Friday, December 5, 2008

Rubbishing Clean Coal Research

I know it may take three times to make a trend, but when you speak to two informed individuals in the energy industry, then we almost get to three. So I'll take the two discussions I had with these two people and extrapolate to suggest that people are rubbishing the idea of investing any thought into seeing the future implications of carbon storage for coal.

For these two individuals the need to commit any resources into understanding the regulatory and infrastructure needs that will be required seemed a waste of time and money. I however, would have to argue the opposite. First there is no doubt that the technology still has be proven. But it is also undisputed that there is serious amounts of money, both from governments and from industry that are being put into the technology. Billions of Euros and Dollars. Some would say not enough, but regardless there is significant interest that is backed up by real money. Carbon Capture and Storage (CCS), offers a significant savings for companies and countries that are heavily reliant on coal, or have large deposits.

So the question that comes out is why actually invest any human thought, labor and money into exploring the regulatory and infrastructure challenges if the technology is not proven? Because there isn't much time. If you think about how long it took to create local, then national and then regional power systems, the infrastructure and regulatory framework that these operate within, it is apparent that the deployment of CCS infrastructure, if built along these historical time lines will not be realized until 2060 or beyond.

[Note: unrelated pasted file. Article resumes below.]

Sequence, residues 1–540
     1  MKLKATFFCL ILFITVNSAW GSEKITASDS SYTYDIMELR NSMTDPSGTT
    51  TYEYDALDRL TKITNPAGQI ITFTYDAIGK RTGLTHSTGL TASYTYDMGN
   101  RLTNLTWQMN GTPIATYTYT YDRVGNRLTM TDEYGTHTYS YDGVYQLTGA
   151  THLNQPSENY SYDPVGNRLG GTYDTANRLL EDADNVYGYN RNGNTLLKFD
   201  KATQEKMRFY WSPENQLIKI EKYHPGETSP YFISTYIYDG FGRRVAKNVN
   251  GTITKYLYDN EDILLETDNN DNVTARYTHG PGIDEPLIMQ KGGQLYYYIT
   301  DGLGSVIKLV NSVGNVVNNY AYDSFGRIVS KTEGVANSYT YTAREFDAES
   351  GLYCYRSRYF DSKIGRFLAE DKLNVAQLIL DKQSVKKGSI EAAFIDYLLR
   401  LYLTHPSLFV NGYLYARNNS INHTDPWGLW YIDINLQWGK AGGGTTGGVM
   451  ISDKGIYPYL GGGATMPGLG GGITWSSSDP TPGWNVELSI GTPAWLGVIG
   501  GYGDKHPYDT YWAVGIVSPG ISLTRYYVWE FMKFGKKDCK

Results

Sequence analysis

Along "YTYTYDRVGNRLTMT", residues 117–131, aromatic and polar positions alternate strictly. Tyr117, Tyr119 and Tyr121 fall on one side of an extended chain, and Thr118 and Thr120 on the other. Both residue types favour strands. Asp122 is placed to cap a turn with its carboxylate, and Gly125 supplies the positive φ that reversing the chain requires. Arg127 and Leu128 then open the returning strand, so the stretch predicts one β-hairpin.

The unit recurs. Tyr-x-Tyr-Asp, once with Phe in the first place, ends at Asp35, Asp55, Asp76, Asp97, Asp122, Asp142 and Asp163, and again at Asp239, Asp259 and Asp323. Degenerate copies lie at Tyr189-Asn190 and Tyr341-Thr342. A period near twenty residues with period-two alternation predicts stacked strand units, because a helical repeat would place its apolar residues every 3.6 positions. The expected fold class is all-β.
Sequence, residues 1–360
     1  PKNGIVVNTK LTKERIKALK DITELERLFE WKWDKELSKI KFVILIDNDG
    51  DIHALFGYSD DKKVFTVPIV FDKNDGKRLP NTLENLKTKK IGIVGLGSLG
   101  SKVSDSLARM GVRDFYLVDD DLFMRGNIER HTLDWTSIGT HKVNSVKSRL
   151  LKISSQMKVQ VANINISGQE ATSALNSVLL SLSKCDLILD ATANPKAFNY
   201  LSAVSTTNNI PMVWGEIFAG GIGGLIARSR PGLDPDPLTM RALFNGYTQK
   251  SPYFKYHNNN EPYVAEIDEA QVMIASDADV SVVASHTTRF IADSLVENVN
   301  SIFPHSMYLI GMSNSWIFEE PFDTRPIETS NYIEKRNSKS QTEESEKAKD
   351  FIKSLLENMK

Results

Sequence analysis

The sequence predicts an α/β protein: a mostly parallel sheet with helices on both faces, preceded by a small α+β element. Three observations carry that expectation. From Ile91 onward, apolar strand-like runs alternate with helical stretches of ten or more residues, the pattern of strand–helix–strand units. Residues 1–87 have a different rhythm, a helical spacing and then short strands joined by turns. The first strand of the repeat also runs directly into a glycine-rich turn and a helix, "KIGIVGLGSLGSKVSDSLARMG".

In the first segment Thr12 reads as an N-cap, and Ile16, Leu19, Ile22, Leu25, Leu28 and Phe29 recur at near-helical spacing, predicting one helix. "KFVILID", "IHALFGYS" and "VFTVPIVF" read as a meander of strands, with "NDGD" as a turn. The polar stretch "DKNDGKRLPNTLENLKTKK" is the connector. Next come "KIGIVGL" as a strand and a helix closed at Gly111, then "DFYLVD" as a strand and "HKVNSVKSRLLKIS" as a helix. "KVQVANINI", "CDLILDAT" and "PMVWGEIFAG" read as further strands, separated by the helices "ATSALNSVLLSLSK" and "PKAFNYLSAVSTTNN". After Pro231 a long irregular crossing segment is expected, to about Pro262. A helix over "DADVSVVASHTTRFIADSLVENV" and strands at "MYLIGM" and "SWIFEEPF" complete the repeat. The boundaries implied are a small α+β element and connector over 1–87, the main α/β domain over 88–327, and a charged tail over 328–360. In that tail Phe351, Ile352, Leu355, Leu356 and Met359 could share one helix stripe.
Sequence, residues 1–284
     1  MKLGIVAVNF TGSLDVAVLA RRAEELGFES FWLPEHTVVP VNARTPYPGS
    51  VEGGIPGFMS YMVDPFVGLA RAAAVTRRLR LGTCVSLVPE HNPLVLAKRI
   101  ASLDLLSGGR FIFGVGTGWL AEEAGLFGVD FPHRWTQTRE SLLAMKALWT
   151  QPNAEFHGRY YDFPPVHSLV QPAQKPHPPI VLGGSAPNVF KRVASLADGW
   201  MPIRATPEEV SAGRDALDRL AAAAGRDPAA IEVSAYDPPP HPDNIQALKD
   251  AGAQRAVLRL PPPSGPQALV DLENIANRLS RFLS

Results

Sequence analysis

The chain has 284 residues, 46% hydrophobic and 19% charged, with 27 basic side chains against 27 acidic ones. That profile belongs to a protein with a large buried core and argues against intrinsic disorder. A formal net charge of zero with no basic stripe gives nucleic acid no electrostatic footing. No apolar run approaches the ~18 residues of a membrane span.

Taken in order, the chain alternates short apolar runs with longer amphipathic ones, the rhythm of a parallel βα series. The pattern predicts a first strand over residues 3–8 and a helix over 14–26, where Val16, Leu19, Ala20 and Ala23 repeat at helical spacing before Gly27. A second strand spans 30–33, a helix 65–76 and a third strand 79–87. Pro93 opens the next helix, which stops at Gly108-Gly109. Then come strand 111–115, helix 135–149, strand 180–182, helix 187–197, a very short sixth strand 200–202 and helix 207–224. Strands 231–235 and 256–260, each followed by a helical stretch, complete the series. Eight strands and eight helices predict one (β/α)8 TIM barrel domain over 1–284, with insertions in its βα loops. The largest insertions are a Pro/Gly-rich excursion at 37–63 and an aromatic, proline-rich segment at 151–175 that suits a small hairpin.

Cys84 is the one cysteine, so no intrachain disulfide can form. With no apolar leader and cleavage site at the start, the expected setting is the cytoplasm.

I make this time line calculation off the top of my head. Think about it, when did the FERC get control over interstate commerce of electricity? 1970s/80s? And not just administrative control but real control that is able to shape the direction of the infrastructure and its regulatory functioning, then it would be 1995. Then if you think about the infrastructure - transmission lines and how long it has taken to create interconnections between states and countries, then a further 10-20 year time frame (if not longer) is talked about.

Thus if as much planning as possible can go into finding out the locations for CCS, the pipeline routes that need to be built and the regulatory hurdles that need to be done, then does it really make sense to wait until the technology is proven to begin the process of fighting over infrastructure routes and regulatory power? If we need to have an established path towards 80% CO2 reduction by 2050, and even the deployment of clean coal technology in the next 10-15 years, does it make sense to wait? For me it doesn't.